Healthy Food Database

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Fresh asparagus is a true prince of vegetables - canned, on the other hand, is quite awful.
Green or white with straight stalks approx 20cm long tipped with a spearheaded point of tiny folded-in leaves.

Note: Tinned asparagus has a salicylate content higher than fresh, classified as moderate.
Category: Vegetable
In Season: Spring
To Buy:
Fresh only, and in season - check the cut end and avoid any that look dried out and woody. Try to buy on the day, or the day before, you plan to eat it.
To Store:
In the crisper in a plastic storage bag for 2 days. Remove any ties around the bunch before storing.
Tips & Tricks:
Snap the bottom end off the asparagus with your hands -holding the middle of the stalk in one hand and the bottom with the other. The stalk will break at the top of the tough woody part. 1 serve is approximately 4-6 spears of asparagus. Asparagine is an active ingredient in asparagus that has an irritant effect, so should be avoided by those with inflammatory conditions, such as gout, rheumatism and cystitis.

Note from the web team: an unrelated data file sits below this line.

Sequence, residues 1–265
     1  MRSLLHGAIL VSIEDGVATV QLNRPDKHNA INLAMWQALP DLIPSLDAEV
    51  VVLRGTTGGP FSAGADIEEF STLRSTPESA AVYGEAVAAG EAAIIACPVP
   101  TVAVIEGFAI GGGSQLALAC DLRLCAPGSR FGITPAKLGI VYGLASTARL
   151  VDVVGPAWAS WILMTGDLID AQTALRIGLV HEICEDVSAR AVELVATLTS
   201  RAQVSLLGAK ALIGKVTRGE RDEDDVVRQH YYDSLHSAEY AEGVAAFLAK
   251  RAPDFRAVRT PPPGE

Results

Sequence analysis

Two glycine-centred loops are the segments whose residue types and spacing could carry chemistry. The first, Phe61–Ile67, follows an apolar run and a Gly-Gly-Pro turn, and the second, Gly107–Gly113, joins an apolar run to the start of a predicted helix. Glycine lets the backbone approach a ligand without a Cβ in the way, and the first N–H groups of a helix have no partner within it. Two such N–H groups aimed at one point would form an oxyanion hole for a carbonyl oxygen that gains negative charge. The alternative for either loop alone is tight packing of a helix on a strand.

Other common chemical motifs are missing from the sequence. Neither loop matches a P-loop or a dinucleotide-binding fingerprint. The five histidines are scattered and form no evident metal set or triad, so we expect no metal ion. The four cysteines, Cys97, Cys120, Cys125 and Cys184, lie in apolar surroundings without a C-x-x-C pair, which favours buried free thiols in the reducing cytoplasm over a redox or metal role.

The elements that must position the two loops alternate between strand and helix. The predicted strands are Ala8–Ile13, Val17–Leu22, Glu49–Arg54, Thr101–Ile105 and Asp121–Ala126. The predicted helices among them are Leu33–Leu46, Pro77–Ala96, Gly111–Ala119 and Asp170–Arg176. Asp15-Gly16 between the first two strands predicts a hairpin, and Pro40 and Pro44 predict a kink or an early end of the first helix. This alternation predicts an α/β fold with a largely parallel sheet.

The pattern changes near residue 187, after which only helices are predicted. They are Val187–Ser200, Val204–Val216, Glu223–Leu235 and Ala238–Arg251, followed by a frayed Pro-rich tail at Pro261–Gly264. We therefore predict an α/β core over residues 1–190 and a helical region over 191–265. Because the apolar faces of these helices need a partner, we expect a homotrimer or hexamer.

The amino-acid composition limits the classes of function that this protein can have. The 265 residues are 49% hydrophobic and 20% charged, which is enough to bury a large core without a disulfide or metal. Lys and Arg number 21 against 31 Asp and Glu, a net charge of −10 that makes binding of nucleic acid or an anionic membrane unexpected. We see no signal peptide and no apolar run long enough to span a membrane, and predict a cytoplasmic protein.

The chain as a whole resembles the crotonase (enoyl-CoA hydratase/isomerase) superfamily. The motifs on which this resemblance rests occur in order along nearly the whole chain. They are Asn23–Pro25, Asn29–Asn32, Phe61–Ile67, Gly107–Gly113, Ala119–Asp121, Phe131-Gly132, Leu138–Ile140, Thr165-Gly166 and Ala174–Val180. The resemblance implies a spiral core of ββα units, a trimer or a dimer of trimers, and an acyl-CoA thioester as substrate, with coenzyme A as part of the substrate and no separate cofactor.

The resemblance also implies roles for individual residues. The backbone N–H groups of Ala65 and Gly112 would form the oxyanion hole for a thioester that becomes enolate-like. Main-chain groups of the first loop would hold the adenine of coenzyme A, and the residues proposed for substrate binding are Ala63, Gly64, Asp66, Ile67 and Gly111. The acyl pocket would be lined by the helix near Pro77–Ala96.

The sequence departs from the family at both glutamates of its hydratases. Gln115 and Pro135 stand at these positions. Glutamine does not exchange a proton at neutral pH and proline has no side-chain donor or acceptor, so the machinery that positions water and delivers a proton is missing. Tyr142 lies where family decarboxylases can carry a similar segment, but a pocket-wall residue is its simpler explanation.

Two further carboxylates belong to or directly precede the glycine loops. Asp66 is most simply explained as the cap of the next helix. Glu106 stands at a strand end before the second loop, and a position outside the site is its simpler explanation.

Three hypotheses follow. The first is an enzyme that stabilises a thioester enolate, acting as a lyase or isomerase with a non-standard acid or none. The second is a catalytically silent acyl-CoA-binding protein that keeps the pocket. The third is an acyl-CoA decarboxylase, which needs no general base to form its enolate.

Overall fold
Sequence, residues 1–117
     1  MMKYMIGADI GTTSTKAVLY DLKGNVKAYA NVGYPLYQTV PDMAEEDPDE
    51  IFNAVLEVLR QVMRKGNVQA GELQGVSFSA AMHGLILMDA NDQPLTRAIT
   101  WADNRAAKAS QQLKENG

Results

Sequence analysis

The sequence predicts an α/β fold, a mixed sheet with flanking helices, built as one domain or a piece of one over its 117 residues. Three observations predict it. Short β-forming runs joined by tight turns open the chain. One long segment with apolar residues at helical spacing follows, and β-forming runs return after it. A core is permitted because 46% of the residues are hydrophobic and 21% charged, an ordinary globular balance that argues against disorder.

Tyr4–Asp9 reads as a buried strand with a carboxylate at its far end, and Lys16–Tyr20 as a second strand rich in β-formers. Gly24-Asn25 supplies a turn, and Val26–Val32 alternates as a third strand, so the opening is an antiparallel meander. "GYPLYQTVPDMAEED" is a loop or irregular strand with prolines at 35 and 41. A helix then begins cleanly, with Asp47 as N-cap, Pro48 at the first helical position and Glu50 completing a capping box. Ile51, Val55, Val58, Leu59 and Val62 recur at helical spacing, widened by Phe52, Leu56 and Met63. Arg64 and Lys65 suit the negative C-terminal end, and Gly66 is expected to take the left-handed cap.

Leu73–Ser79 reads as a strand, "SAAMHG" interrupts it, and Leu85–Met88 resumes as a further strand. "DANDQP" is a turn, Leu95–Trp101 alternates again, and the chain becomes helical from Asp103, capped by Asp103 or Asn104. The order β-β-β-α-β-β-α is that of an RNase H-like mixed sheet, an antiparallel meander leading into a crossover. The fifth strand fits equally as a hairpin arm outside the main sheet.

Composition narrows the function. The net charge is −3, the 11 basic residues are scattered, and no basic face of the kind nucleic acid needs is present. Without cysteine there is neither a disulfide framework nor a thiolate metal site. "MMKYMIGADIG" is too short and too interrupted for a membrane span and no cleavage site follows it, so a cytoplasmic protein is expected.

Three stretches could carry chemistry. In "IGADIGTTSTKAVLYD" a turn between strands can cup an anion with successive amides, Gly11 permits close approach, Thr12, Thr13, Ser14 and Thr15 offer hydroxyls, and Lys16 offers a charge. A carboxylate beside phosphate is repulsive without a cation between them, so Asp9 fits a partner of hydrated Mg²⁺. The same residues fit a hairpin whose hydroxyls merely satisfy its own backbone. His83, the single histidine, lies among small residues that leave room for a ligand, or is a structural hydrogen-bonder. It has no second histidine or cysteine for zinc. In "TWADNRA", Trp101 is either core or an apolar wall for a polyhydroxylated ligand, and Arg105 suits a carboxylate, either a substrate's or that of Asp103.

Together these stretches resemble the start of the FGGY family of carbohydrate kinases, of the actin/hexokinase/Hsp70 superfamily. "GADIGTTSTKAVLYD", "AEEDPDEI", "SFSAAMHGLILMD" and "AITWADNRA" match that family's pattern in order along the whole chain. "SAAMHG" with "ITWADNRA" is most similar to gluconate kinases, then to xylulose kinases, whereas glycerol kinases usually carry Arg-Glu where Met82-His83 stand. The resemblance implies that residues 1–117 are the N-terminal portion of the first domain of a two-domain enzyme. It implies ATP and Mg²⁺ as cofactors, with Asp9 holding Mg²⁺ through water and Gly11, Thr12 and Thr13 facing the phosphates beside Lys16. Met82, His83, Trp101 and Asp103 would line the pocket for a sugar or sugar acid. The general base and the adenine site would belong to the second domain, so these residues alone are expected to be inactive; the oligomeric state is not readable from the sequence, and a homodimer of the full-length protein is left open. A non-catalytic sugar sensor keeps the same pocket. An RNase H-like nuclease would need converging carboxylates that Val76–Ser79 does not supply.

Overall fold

Cooking Tips:
Wash thoroughly. Peel white asparagus - green does not require peeling. Boil in slightly salted water in large pan for 4 minutes or steam in a large bamboo steamer for the same length of time. Serve as it with a sprinkle of olive oil. Lemon served on cooked asparagus will cause discolouration.

Nutrition per Per serve:

Weight (grams):
Carbohydrates, g:
Fat (g):
Vitamin B1:
Folic Acid:
Energy (kJ):
Protein (g):
Saturated Fat, g :
Vitamin C:

Benefits the Following Health Conditions:*

Cold and Flus
Fluid Retention
Find recipes with Asparagus

* This information is sourced by a qualified naturopath. It is non prescriptive and not intended as a cure for the condition. Recommended intake is not provided. It is no substitute for the advice and treatment of a professional practitioner.

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